Microsoft said it will “soon” bring DALL-E 2-powered AI art to Windows with a new Microsoft Designer app and a separate, related Microsoft Image Creator toolset to Bing and Microsoft Edge.
AI art is all the rage right now, with various tools such as Craiyon providing basic ways of creating AI art. Midjourney is a more advanced AI art service that provides a step up in functionality. Meanwhile, the godfather of AI art, DALL-E, is now free to try as well.
What’s interesting, though, is that OpenAI, the developers of DALL-E, have moved on to the more sophisticated DALL-E 2 algorithm, which is locked behind beta access right now. It’s this algorithm that Microsoft is promising access to, via the Microsoft Designer app. DALL-E, like other AI art engines, generates images based on text prompts you write, so that a text prompt like “a sunrise over an alien world, populated with dinosaurs” can give you a custom, potentially unique illustration.
Mark Hachman / IDG via DreamStudio
“Designer helps you create from your own content or ideas and makes it easy to design social media posts, invitations, and much more, fast,” chief product officer Panos Panay wrote in a blog post, while announcing new Surface hardware like the Surface Pro 9, Surface Laptop 5, and the Surface Studio 2+. “It also automatically helps you get a variety of unique images and designs that are generated just for you. I’m so excited for this app, it’s going to be a game changer for me personally.”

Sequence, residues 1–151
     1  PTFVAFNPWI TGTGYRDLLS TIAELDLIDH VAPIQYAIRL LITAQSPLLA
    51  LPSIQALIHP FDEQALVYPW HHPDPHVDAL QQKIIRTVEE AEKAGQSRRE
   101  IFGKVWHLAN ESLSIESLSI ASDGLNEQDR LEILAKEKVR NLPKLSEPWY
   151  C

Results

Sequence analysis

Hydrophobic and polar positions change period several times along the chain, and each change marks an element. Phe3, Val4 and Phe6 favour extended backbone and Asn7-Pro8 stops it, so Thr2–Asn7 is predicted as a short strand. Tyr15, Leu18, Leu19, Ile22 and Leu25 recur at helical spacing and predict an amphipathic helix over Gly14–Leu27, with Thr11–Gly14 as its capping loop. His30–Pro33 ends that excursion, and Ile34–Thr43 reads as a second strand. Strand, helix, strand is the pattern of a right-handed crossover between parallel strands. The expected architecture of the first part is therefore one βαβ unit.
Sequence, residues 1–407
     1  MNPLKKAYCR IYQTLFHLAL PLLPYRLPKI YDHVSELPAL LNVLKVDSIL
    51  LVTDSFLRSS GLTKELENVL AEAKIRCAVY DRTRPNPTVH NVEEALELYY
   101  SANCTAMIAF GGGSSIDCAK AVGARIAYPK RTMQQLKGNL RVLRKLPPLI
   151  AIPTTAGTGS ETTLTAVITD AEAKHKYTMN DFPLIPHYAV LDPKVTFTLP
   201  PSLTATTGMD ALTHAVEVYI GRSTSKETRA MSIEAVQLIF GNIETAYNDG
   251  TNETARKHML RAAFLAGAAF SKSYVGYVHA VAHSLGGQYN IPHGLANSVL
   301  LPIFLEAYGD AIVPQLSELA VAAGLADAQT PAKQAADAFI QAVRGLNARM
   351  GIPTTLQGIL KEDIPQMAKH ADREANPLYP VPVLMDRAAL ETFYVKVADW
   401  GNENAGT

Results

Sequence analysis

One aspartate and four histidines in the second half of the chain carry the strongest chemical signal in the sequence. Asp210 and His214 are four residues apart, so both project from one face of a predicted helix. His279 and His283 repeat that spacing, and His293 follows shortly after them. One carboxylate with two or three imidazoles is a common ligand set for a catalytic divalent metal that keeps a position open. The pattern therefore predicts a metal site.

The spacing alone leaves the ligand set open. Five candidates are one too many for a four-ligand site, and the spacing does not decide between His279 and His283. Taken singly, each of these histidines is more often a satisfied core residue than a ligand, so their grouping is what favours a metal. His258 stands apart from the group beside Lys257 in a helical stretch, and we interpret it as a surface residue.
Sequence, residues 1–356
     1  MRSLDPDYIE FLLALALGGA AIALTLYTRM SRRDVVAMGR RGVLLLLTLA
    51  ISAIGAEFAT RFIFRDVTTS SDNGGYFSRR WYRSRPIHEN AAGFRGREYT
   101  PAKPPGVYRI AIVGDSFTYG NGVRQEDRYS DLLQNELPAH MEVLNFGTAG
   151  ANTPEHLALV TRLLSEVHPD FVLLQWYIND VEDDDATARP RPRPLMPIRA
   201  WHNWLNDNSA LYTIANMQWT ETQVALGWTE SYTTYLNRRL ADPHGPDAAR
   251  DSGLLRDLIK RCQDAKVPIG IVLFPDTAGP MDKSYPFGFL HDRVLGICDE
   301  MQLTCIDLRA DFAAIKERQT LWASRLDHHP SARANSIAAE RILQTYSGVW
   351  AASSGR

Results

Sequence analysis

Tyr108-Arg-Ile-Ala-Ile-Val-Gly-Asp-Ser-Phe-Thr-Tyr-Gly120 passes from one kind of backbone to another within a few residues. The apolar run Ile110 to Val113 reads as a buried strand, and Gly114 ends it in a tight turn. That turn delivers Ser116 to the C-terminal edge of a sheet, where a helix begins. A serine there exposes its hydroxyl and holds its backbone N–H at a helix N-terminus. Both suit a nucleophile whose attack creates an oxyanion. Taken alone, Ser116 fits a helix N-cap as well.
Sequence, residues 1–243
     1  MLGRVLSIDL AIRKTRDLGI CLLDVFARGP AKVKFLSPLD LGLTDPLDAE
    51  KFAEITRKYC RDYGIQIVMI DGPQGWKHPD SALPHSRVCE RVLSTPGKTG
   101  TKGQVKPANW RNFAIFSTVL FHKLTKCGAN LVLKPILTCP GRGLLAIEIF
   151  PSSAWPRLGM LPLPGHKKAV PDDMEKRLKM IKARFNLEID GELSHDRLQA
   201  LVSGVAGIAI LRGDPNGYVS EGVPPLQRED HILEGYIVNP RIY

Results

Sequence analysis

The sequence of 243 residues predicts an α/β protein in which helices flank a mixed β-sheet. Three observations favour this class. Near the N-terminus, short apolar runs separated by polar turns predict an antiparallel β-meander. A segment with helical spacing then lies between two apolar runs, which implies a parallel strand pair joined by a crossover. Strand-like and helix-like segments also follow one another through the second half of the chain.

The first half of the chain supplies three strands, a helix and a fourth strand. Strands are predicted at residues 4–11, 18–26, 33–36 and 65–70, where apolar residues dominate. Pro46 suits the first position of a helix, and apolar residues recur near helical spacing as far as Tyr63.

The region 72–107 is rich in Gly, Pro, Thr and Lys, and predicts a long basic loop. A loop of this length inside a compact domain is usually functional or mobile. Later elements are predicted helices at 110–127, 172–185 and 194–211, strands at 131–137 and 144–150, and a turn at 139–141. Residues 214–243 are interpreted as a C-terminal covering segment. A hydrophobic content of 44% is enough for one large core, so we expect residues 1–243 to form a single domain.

That Microsoft joined the AI art revolution isn’t surprising in the least. AI art demands substantial computational power and memory, whether it be on your own PC via tools like Stable Diffusion, or in the cloud. Most cloud services either charge for membership or use a credit-based system. Unsurprisingly, Microsoft Designer will be part of Microsoft 365, which is paid for by an annual subscription, anyway. Tapping into Microsoft’s Azure cloud as a part of the Microsoft 365 subscription seems like a natural fit.
Microsoft hasn’t said whether it will make Designer available on an a la carte basis, or whether it will allow unlimited Microsoft Designer creations as part of the Microsoft 365 subscription. It’s also unclear how Designer will interact with Image Creator, and whether Microsoft will require a Microsoft 365 subscription for that, too. We also don’t know what size of the finished images Microsoft will allow, whether it provide suggested prompts or styles, or allows for outpainting (editing part of an image), image-to-image prompts, and more.
Still, Microsoft seems to understand that AI art is a viable creative pursuit, and the wave of the future. “The integration of Microsoft AI and DALL∙E 2 in our new Microsoft Designer app is an amazing example of AI assistance blurring the lines between the platform, the device, and the cloud, all so you can express yourself even better,” Panay wrote. “Saving time and improving creative outcomes, regardless of your level of expertise.”
We didn’t have immediate access to what Microsoft Designer looks like, so we just asked an AI (DreamStudio) what it might look like. We’ll have to see how it did!